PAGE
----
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By Jill Drachenberg, Editor, Relias Media
More than 30 years after the start of the HIV crisis, young people in the United States still harbor misconceptions about HIV and lack sufficient knowledge of the sexually transmitted infection (STI), according to a new survey.
Researchers from Merck and the Prevention Access Campaign surveyed 1,596 Generation Z (18-22 years of age) and millennials (23-36 years of age) to determine their understandings, beliefs, and sexual practices related to HIV. Forty-one percent of HIV-negative Generation Z respondents reported being somewhat informed or uninformed about HIV, compared to 23% of HIV-negative millennials. Other findings include:
“Despite scientific advances and decades of HIV advocacy and education, the findings highlight a disturbing trend: young adults overwhelmingly are not being informed effectively about the basics of HIV,” said Bruce Richman, founding executive director of the Prevention Access Campaign and the Undetectable Equals Untransmittable campaign. “These findings are a call to action that the crisis in the United States is far from over. It’s time to elevate a real conversation about HIV and sexual health among America’s young people, and roll out innovative and engaging initiatives to educate and fight HIV stigma.”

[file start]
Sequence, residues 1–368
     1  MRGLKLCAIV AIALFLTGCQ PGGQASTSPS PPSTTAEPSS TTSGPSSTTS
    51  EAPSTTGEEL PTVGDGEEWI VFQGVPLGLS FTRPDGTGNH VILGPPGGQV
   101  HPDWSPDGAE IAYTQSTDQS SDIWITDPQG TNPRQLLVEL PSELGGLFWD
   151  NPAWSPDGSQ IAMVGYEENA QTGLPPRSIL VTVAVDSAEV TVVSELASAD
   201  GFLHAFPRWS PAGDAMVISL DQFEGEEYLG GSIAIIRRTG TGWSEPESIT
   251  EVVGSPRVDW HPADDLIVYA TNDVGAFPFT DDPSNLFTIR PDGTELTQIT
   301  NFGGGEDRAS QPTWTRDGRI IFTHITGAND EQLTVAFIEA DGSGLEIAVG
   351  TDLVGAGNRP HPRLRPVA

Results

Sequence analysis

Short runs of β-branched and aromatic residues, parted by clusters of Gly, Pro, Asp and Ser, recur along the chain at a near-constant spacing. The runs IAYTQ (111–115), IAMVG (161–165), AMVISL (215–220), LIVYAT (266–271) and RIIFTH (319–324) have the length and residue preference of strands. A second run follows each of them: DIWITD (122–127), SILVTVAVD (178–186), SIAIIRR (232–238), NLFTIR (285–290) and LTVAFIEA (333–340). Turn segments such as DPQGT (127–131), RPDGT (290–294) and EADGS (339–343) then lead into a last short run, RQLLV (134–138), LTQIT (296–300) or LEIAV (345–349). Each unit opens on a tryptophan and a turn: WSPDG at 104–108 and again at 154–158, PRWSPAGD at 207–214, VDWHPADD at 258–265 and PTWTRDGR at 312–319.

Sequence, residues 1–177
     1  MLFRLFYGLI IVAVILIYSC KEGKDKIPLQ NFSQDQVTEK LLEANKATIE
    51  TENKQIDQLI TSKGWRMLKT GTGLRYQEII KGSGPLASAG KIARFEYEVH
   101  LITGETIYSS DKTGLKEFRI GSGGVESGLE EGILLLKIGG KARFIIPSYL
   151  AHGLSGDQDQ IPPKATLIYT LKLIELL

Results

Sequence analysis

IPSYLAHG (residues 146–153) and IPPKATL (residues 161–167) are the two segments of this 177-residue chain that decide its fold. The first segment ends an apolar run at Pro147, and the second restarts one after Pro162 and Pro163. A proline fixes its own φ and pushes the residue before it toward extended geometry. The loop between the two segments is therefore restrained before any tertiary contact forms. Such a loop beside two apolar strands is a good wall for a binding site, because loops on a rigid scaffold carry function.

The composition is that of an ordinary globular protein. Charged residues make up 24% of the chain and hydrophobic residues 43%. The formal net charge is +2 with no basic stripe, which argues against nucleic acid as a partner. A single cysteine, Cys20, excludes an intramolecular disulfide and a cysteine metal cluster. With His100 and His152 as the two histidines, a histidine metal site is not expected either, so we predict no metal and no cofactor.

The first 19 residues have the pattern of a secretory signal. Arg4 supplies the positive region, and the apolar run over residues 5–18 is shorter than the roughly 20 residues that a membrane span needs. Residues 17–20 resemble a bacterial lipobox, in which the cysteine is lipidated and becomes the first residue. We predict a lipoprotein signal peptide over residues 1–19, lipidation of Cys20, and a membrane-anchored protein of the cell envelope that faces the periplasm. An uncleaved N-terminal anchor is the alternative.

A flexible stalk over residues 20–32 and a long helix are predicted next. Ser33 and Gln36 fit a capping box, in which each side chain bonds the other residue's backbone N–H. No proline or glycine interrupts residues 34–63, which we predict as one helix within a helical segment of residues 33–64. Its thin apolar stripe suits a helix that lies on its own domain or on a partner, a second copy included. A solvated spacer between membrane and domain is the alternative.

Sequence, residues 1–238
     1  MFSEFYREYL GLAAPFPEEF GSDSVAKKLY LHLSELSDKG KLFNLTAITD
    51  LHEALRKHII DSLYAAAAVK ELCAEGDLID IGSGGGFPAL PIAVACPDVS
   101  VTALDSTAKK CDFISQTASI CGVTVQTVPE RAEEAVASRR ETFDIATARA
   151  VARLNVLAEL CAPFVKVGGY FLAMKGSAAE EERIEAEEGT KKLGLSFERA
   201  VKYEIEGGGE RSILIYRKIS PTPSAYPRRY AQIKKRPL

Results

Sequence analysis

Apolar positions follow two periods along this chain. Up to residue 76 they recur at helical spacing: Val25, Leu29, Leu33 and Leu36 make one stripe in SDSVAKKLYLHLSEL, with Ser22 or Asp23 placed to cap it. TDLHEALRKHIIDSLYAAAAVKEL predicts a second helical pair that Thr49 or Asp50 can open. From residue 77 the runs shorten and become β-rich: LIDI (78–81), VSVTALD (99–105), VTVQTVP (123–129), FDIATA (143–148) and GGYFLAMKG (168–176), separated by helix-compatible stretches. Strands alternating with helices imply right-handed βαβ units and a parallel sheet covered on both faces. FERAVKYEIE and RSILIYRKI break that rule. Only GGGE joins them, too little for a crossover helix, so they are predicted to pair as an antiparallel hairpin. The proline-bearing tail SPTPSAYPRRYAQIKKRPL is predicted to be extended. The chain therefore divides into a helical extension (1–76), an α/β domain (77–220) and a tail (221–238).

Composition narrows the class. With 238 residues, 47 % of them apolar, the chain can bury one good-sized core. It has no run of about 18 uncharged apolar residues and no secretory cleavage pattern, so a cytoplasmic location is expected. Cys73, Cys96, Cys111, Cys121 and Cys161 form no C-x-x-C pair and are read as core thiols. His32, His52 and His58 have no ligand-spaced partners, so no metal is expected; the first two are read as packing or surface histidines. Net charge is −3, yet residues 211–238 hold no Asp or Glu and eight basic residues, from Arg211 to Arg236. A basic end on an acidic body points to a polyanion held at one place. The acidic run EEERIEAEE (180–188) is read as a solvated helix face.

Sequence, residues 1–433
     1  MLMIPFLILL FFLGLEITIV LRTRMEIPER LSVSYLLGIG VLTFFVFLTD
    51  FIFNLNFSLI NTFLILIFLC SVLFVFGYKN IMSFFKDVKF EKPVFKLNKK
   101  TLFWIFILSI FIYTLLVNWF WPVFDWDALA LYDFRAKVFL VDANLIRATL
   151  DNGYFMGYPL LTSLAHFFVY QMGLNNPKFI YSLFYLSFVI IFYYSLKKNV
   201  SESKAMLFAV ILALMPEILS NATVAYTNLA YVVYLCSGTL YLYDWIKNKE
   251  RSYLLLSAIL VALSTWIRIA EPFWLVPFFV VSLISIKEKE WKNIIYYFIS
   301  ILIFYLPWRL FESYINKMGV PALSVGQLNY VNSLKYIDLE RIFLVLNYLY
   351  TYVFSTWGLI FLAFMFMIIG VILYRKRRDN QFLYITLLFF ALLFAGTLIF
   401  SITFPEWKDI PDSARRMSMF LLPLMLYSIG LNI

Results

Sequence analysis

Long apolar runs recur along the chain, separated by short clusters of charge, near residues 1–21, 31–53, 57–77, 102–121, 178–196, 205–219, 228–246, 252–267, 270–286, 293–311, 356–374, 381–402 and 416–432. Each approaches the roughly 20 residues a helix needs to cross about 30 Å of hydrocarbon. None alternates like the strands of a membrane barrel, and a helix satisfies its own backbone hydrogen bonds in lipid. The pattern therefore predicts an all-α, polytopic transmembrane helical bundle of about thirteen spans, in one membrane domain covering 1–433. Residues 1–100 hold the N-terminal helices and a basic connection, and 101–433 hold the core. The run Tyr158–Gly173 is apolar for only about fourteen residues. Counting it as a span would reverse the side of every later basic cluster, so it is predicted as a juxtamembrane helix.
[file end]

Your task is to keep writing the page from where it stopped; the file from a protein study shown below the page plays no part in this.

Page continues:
Hospital EDs can play a role in diagnosing HIV in patients and linking them to treatment. An article in the December issue of ED Management details how EDs in large, U.S. academic medical centers routinely screen patients for HIV, regardless of the reason for the visit. Those who test positive are quickly referred to specialized care to begin treatment. ED Management also details how the rising tide of STIs such as gonorrhea and chlamydia threatens to undermine efforts to stem the HIV epidemic in the United States.